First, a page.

Browning: Yeah, I think it will be really interesting to see the director's cut if it's R, and there were a few cool things we missed out on having it as a PG-13, but at the same time it's nice that it's now open for a broader audience

Cornish: Yeah, totally.

Browning: Personally I think- I don't like to patronize the audience, I don't think audiences are idiots. I think a 14-year old girl can see this. I don't think kids are morons, and I think it will be cool for a 14-year old girl to see this and say, look, this girls are a little bit older than me and they're fighting and they're in an action film. I think it will be cool for people to see. So I think the fact that it's PG-13 and now younger kids can see it I think is a cool thing.

Cornish: I do like that teenagers can see it because I think the sisterhood in the movie is really strong, and even if they come from vulnerable places, that every girl has a moment when she finds herself in the film and finds her strength and individuality and I think that's important for young people to see.

Do you think that's the takeaway message? Because there's been a lot of talk on the internet on the is-it-or-isn't-it-feminism issue. What's your feeling on that?

Browning: On that issue - there's sort of the sexism issue I think, which I find really strange I think because for me, because within the world of the brothel, within these girl's realities - I say reality, but you know, it's a fantasy film - but, there is sexual objectification going on there, you know they are these objects and they're being oppressed to some degree, but I think the whole idea of the film is them breaking free of that, and learning to fight against that and finding their own freedom in their mind, and finding their own strength, and sacrificing things for people that tey love. So I actually find that an amazing, cool and empowering message for girls. 

Do you feel the same way?

Cornish: Yeah, yeah for sure. But you know, it explores some pretty big subject matter. The power of the mind. You know, you hear about prisoners of war who've survived their experiences, and the way that they did that is to totally recreate their homes and their families in their minds, you know, and that is an incredibly difficult situation to be in, so it explores that - the idea of how powerful the mind can be, the state of mind and how you kind of control your own destiny, regardless of your environment.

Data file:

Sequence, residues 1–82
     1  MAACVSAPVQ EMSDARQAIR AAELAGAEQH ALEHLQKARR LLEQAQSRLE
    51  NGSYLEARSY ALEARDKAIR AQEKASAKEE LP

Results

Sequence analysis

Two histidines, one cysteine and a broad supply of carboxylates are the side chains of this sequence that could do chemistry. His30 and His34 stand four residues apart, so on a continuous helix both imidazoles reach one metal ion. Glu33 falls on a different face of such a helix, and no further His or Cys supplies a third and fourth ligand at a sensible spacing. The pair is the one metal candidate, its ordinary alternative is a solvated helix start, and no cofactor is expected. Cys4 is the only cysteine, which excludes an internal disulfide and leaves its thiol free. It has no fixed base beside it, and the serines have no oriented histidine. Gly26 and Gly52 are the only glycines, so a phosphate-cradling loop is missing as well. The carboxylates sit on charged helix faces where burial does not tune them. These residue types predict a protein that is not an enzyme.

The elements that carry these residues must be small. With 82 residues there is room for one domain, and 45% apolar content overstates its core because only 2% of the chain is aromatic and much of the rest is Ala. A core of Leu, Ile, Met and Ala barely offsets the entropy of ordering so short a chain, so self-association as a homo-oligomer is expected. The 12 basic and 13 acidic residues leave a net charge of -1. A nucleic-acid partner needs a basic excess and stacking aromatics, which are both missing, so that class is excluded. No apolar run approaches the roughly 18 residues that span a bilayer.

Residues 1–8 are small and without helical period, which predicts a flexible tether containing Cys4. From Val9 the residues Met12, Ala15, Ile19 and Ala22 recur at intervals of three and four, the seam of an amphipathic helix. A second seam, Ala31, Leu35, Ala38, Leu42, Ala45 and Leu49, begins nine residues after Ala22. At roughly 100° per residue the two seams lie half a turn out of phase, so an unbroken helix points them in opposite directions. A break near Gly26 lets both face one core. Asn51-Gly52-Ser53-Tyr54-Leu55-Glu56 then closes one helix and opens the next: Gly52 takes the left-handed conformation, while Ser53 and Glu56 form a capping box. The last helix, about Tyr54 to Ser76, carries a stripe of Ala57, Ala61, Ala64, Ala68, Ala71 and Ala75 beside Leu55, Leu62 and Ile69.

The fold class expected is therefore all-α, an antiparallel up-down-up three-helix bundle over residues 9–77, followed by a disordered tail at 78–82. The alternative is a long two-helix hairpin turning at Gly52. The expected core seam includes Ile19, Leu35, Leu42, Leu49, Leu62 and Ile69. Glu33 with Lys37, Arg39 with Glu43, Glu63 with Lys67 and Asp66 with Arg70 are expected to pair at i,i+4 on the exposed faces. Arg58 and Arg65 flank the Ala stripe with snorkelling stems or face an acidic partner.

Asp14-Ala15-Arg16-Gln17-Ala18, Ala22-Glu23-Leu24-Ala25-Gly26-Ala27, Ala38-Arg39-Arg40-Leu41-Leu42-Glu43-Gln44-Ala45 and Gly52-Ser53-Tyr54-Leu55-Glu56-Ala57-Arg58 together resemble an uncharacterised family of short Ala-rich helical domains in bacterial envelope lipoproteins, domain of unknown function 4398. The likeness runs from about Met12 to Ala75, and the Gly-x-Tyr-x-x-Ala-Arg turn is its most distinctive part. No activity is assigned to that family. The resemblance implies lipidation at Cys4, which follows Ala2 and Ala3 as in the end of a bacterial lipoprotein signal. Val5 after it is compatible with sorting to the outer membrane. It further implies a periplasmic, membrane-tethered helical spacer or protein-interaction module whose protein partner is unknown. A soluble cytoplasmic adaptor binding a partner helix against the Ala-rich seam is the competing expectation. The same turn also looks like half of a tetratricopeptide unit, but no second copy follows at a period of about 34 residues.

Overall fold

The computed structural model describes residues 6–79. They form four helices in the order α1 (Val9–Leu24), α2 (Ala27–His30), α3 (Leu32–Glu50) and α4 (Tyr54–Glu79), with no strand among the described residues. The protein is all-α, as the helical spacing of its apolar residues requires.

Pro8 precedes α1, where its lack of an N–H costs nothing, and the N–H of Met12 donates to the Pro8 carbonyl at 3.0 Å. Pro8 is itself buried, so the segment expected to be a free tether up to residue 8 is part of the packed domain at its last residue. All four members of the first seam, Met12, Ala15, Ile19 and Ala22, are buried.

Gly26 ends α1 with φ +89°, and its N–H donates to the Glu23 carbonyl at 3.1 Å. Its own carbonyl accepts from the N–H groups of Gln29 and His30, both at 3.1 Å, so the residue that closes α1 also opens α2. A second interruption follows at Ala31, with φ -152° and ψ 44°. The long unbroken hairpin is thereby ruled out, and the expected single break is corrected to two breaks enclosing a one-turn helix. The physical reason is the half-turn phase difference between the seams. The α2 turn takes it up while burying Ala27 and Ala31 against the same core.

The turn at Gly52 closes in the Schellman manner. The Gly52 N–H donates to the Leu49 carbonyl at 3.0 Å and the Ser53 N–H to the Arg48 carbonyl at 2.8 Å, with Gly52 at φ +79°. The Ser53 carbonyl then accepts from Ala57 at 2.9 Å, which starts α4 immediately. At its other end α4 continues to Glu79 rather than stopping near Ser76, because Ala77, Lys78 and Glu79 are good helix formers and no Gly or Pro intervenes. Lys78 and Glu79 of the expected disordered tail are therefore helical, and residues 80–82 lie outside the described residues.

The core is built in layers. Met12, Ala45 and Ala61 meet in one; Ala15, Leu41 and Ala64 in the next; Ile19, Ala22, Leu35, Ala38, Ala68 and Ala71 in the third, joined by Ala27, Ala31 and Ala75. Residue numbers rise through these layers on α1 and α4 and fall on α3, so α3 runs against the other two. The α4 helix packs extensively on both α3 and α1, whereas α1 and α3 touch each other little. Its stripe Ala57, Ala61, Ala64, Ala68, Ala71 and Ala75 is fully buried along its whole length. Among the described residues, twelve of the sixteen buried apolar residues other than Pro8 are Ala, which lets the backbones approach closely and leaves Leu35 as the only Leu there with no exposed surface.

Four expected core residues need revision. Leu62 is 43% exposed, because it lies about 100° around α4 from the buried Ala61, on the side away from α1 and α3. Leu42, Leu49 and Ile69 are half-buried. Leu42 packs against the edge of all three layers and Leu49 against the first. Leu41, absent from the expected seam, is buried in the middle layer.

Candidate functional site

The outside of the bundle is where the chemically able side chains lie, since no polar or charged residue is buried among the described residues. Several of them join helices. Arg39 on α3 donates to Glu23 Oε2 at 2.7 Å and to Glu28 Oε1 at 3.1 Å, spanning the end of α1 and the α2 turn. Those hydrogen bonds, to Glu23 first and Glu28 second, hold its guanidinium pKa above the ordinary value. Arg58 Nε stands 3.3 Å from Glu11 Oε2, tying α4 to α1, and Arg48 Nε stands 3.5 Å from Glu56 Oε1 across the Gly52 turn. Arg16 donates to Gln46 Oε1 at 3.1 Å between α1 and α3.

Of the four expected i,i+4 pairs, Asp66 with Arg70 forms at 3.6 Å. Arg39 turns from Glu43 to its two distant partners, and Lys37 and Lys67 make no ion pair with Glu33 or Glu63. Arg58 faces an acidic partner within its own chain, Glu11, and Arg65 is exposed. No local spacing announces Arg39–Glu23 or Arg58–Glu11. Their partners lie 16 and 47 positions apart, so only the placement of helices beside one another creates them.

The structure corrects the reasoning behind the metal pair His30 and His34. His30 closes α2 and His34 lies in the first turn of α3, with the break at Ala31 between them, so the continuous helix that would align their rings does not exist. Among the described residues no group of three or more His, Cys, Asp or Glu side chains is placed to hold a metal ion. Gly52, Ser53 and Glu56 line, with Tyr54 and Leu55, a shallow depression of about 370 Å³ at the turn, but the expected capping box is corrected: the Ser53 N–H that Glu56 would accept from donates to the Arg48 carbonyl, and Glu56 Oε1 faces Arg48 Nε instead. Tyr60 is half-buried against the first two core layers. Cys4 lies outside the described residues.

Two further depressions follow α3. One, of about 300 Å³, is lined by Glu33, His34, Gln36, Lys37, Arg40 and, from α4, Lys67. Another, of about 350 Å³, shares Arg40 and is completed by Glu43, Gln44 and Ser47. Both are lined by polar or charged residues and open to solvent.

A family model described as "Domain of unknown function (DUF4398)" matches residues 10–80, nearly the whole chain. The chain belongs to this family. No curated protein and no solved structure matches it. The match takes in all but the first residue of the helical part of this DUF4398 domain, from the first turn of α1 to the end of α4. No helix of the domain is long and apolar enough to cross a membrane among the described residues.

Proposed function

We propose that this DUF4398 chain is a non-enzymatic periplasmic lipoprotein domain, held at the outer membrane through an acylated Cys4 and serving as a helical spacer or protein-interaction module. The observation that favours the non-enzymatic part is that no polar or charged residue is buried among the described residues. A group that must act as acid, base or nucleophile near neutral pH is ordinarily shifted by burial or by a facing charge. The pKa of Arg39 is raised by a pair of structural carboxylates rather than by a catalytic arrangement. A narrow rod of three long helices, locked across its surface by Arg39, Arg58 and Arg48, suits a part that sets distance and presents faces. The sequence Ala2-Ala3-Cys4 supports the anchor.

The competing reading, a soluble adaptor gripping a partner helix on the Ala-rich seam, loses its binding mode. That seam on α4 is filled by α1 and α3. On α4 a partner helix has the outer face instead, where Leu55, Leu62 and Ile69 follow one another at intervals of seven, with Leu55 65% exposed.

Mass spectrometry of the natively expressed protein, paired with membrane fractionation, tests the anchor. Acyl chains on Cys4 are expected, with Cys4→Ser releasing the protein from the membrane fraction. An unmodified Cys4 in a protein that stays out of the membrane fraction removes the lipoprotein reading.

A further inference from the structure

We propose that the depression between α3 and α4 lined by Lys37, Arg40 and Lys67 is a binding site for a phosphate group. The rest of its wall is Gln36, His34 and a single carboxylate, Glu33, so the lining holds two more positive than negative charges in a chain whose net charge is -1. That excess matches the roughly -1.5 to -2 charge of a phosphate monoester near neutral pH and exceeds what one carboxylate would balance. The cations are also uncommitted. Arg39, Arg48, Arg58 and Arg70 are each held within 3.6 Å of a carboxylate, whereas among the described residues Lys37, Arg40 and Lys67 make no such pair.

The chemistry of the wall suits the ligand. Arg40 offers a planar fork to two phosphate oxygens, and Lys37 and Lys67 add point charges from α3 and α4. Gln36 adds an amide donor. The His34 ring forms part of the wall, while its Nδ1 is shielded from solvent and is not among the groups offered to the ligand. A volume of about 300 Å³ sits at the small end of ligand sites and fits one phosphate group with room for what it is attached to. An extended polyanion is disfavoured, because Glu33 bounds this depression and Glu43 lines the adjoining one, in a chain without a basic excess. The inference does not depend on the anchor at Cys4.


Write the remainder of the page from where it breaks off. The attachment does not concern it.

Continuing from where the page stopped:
What about the three month training, what was a typical day like?

Browning: We would go in and warm up with the martial arts guys, the stunt guys - we would work on our martial arts and fight choreography for a couple of hours, then we would have a break and have, like, a protein smoothie or something, and then we'd work out with the navy seals and do strength training for an hour or two, and then we would sometimes go and do gun training or some wire-work or something. It was about 6-8 hours a day, all up.

Cornish: And, then, you know, if there was any fittings or makeup, it was all on top of that.

Was the training, and the physicality of the experience a big part of it for you? As in, the complete experience of making the film in those terms, where you get to do all this cool stuff?

Cornish: Oh, totally. If another film comes along where I have to train for it, and itís a good team of people that youíd be working with, and itís an interesting story, Iím totally there. I loved training for this film. And I loved making it.

Sucker Punch will be released on DVD and Blu-Ray in Australia on 10 August, 2011